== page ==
Extraordinary Educator: Kathy Feenstra, Howard C Reiche Community School

Celebrating Maine Teachers

Image caption: Kathy Feenstra, Howard C Reiche Community School

Junior Achievement and MEMIC recognize educators as role models and mentors who help empower, motivate, and prepare students to envision their future and ignite a passion for continuous learning. The "Extraordinary Educators" campaign will take a closer look at Maine educators, their stories, their commitment to serving Maine’s youth, and the impact they have on their students.

Take a look at our Q&A with Kathy Feenstra of Howard C Reiche Community School!

What made you want to become a teacher?

Since fifth grade I have known that I wanted to be a teacher. My grandfather was ill at the time. My mom was spending a lot of time with my grandmother at the hospital. My fifth grade teacher, Mrs. Allen, took me under her wing and made sure that I was doing okay, every day. At the beginning of that year, a few classmates and I were given a reading curriculum that we had already done. We had been in a multi-grade class the year before, and were taught the fifth grade curriculum. When I told Mrs. Allen this, she said that it was out of her hands, at that time teachers had very little say in the curriculum to be taught. I asked who was in charge and she told me that it was the principal. She supported my going to the principal’s office and asking for something else. My mother was embarrassed when she heard about it, but Mrs. Allen told her that it was a great thing. We ended up with a new, really great reading program for that year. Mrs. Allen cared about me and even more she empowered me. I wanted to do the same. I want to make a positive difference in children’s lives, just as she did for me.

Do you have a favorite memory as a teacher?

I have so many great teaching memories, but the best are small moments. In a non-covid world, I greet students at my classroom door every morning asking if they want a high five, a handshake or a hug to begin the day. By doing this, I am able to get an emotional read on my students in a fun non-invasive way. This daily exchange fills my heart with joy. Almost everyone goes for the hug. It’s one of my favorite parts of each day.

Why do you choose to bring JA to your students?

When I first learned of JA from a colleague, it sounded like an interesting experience for my students. I was very lucky to have Marty Madden come to my room as a JA teacher/partner. Marty is a father of three and his wife is a teacher. He was an effective educator from the first day. He understands children, he keeps the class’s attention and he quickly adapts to any behavior issues that might arise. Having “Mr. Marty” in our classroom is a highlight every year. He teaches about community, needs/wants, and setting dreams/goals. Last year, when we went to full remote learning, Marty made a few read aloud videos to share with my (and a colleague’s) class. Although it wasn’t officially a JA course, our partnership continued during the pandemic, and he connected the books to some of the JA lessons. I was impressed and thankful. I am so happy that we have found a way to continue our partnership this year through video lessons.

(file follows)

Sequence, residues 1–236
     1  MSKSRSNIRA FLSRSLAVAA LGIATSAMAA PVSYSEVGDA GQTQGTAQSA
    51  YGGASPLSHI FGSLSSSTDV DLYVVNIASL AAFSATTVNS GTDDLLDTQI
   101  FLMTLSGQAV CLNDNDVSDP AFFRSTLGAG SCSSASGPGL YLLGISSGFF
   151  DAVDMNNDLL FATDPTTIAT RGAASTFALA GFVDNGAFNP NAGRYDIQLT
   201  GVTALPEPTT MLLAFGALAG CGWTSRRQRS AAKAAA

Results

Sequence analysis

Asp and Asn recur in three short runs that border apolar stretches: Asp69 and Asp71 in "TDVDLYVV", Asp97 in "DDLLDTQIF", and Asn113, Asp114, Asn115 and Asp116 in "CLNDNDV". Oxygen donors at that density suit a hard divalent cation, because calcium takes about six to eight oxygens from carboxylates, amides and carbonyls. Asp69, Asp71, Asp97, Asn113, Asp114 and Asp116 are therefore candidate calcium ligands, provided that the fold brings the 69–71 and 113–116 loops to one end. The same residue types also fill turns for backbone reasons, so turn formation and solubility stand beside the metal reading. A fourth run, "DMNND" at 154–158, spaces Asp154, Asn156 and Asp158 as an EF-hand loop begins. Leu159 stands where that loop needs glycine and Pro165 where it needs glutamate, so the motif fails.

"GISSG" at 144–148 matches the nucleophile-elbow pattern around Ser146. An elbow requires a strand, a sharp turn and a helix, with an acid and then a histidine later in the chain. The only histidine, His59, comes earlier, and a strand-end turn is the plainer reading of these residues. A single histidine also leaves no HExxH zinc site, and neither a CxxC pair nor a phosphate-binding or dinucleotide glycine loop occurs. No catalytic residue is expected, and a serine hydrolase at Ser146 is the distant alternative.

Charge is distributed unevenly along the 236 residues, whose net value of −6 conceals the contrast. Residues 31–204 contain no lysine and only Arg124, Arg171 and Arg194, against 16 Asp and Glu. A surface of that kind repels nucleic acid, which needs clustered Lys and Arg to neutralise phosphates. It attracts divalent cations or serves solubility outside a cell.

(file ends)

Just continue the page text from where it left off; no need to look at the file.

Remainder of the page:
Do you have a favorite JA moment in your classroom?

When trying to decide on a favorite JA moment, I contacted Marty for some input. His answers were the best! We often chat after lessons and laugh at the joyful responses that we get. Here are a few highlights: From the mouths of babes: It was Marty’s first day of his second year in our classroom. As he walked in, one of the students looked him up and down and said, “Your suit. Your tie… You are so handsome.” Learning the English Language: There was a student who showed up midway through the year who only spoke Russian. Marty tried to communicate, but the student only stared at him. By the end of the course, we were so happy to hear him speaking English (fairly well for it only being a month later) and hearing him say “Mr. Marty.” The lesson impact: Once there was a conversation about the students starting their own businesses. There were two different students who both wanted to open a bakery. One wanted to charge 10 cents per cake so everyone could enjoy one. The other wanted to charge $1,000 so he could make a lot of money. We then explored the outcomes of those two different scenarios. Through a conversation with the class, they all determined that 10 cents was too little because they wouldn’t be able to pay the rent and buy supplies. They then all decided that they would have a hard time paying $1,000 for a cake. In the end, the two students each had a lower price or a higher price that were closer to appropriate prices. On their own they created their own economy and showcased the way the market dictates how a business needs to be run. Those are complex items for a first grade class to come across on their own. It was great learning!

What do you hope your students take away from their time with you?

My class is centered around the theme of Kindness. The focal point of my room is a large tree. When students do something kind –tied to the Reiche expectations to be Respectful, Responsible, and Ready to Learn – they get to write their name on a leaf, snowflake or flower (depending on the season). The tree decorates one wall of our room as a constant reminder to be kind. I hope my students leave my class at the end of the year with kind and curious hearts.

Thank you Kathy for all you do for Maine students! 

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